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For trans people, their relationships with their bodies are colored by dysphoria, awkwardness, and trauma

For trans people, their relationships with their bodies are colored by dysphoria, awkwardness, and trauma

When we achieve a greater understanding of non-normative sexual practices, we normalize identities that are otherwise marginalized, and who knows – might even learn a thing or two instead, both in and out of sex

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However, the process of navigating a past trauma proves difficult even within the kink communities, according to licensed sex therapist Samantha Manewitz. In an Alt Sex NYC Conference presentation, she lays out how kinksters with trauma can internalize shame, be unwilling to give up power to their sexual partners or be able to explain their own responses in BDSM play. Some scenes can also trigger trauma or feelings of isolation. It is important to empower the survivor in such situations – build their coping skills through negotiation before an act, exposing them to the act during play, and integrating their thoughts with their feelings after BDSM through aftercare, Manewitz writes.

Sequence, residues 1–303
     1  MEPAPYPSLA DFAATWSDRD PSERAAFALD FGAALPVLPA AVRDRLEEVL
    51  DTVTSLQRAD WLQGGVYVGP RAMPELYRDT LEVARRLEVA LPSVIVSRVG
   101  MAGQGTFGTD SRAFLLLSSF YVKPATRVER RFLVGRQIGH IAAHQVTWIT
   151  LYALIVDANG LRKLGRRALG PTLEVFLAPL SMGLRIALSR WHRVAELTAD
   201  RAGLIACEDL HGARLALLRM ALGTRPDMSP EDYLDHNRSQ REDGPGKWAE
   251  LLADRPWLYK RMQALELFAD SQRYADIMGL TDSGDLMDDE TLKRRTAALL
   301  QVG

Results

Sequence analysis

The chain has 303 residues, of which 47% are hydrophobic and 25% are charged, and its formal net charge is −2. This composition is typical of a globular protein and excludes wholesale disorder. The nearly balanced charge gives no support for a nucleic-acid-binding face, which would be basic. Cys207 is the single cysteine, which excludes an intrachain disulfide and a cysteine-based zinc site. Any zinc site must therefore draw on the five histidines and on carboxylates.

Kink can also help build an inclusive environment for queer folks. Hughes compares the identity development for kink to the way in which kids can realize their queer identities. The emotional stages are similar, including dealing with stigma and making positive associations with those realizations. BDSM as a sexual orientation is a popular hypothesis, explained as attraction toward specific activities or toward a role (dominant, submissive, switch) – be it the individual’s or their partners’, according to Daniel Copulsky, founder of sexedplus and researcher of social psychology.